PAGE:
Interviewing a New Doctor

After you find a few physicians meeting your criteria, review our list of questions with those doctors. This will help you decide if he/she is a good candidate. You may prefer a midwife, but know that if you develop more severe symptoms, you will need to consult with or be transferred to a maternal-fetal medicine (MFM) specialist for management as midwives are not trained to care for HG. Many midwives prefer a more conservative and natural approach which means you may not be able to get medication before symptoms are severe. Consider a midwife practicing with specialists or have both a midwife and a MFM involved in your care.

Having a doctor who offers a variety of medications and IV fluids and/or nutritional support before you have severe, prolonged symptoms is the best strategy in managing HG effectively.

If you have HG now and don't feel you are getting adequate care, seek a second opinion. These questions also apply to you and will help you find a doctor.

Use these questions to determine if a doctor you are considering is comfortable treating HG and will intervene before you get too sick. Treatment strategies vary greatly by doctor, so you have to ask. If a doctor has a preset plan that is followed and not adapted to your specific symptoms or the care that worked in a previous pregnancy, you may have difficulties getting the care you need. Trying to educate and change the care offered to you is often more difficult than transferring to another clinic.

Think through the problems you had last time (or are having now) and ask how this doctor will respond to them or prevent them if possible. For example, how will they manage medication reactions, reflux, depression, muscle atrophy, malnutrition, thyroid dysfunction, etc.

Review as much info on our site as possible before your first visit and become familiar with our clinical tools to share with your doctor. This will help you be informed on your options.

Questions to Ask

This list of questions (PDF) is also available without comments. It is designed to be used while interviewing your doctor.

  • How many women do you see with HG each year?
    (If they say only a few, they may be uncomfortable being aggressive early on, or may not realize how sick you are until you are very sick.)
  • What do you think causes HG?
    (If they say it's largely psychological, just normal hormones, or they don't know, find a different doctor.)
  • How do you treat HG?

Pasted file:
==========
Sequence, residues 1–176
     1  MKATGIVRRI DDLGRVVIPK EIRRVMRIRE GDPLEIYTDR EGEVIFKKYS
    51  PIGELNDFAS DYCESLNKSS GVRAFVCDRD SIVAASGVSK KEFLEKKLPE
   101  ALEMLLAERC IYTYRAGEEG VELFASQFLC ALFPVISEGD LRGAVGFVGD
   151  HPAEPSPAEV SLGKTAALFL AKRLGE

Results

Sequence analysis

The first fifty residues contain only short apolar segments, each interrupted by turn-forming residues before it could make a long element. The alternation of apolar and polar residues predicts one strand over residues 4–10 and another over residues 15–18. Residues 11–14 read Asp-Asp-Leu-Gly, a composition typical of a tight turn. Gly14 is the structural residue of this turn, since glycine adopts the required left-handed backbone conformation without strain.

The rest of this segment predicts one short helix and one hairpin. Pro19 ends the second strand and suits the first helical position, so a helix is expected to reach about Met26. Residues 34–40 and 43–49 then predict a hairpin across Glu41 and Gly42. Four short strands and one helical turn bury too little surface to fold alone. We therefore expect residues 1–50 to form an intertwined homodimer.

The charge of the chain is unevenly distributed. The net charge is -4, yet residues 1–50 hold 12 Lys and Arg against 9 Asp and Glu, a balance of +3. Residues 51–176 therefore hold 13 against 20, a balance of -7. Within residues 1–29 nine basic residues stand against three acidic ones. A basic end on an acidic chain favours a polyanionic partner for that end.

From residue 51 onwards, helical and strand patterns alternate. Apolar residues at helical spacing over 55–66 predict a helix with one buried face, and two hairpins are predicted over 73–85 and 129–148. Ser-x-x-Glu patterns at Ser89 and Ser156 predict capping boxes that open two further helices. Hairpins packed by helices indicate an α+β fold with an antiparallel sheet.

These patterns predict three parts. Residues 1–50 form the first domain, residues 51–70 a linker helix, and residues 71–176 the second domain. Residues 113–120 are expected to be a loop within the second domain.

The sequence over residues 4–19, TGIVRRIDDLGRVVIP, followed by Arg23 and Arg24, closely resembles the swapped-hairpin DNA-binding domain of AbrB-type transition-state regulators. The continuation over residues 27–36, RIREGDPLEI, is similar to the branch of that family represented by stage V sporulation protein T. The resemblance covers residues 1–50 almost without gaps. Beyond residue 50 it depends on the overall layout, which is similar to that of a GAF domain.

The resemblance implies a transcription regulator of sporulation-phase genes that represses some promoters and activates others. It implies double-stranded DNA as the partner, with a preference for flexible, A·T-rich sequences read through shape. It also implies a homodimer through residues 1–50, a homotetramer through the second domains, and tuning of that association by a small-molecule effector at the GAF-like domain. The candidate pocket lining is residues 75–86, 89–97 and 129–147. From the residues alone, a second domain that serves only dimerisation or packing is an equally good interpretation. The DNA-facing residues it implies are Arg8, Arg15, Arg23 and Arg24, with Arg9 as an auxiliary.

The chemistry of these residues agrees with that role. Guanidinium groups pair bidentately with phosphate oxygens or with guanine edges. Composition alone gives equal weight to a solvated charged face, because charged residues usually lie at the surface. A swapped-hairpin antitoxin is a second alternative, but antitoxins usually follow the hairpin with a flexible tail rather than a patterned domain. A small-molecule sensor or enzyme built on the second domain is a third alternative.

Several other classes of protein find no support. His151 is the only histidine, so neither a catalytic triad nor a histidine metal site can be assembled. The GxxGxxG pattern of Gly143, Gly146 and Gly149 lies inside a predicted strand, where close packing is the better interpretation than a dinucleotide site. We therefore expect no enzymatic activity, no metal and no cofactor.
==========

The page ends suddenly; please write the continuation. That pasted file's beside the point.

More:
(Allow them to respond to this before asking the more specific questions listed below. Determine if they have a preset plan or if they treat based on your individual symptoms and response.)
  • Do you always start with promethazine (Phenergan), antihistamines (Unisom) and/or sedatives (Compazine)? Or can I start with the medication that worked best last time (or a different one if nothing helped)?
  • At what point can I start on a medication?
    (It's important that doctors are willing to prescribe medications when symptoms begin since you have had HG in the past. This may prevent complications and make HG less severe.)
  • Do you use Zofran (ondansetron) or Kytril (granisetron)? How many weeks do I have to be to start on this medicine? What is the max dose you prescribe daily?
    (With HG, the small possible risks of medications are usually outweighed by the benefit of avoiding dehydration and malnutrition. Read more on doses and strategies.)
  • If I don't improve with those drugs, what would be the next step?
  • Do you ever use steroid therapy?
    (If you have severe HG and/or have not responded to medications in the past, you may want to consider this. Review more on it on our Medication page.)
  • Do you prescribe home IV therapy or nutrition like TPN or offer other options for nutritional support? If so, at what point (how many pounds do I have to lose, how long do I have to vomit, etc.)?
  • What other options do you recommend for treatment besides (or in conjunction with) medications? (e.g. Acupuncture, homeopathy, psychotherapy)
    (If they believe strongly that HG can be controlled with alternative medicine, you may have difficulty getting adequate care.)
  • Since I have had HG before (or now) and we are trying to get pregnant, can you give me a prescription to keep at the pharmacy for a week of (the medication you want to try first) to have on hand in case the nausea/vomiting begins while you are not available or I am away from home (if you travel).
    (If another doctor is on call, they may not be willing to offer you medication without first seeing you.)
  • Are you comfortable with my using homeopathics or other natural treatments?
    (If you plan to try them. See our Complementary & Alternative Medicine section.)
  • What are my options for contacting you after hours if I am getting worse since you will know my condition best?
    (Do you have to talk with the nurse or an on-call person first? Is that your only option? Sometimes you may not get past the office staff or they may not realize the urgency.)

Feel free to refer the physicians you interview to our site to educate themselves on management of hyperemesis. We have developed many resources including a protocol to help them determine how best to care for you. We also have many links to medical research articles they can read to learn more.